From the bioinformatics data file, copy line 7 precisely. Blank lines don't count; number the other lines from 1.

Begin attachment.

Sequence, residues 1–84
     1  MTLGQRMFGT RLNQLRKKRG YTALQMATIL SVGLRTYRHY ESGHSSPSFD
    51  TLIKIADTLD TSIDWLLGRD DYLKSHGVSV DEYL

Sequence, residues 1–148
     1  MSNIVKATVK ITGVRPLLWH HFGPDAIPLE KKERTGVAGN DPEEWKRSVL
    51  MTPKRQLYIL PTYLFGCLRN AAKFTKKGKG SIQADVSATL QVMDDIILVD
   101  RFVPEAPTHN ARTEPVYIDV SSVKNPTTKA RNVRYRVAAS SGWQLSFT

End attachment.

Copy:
   101  RFVPEAPTHN ARTEPVYIDV SSVKNPTTKA RNVRYRVAAS SGWQLSFT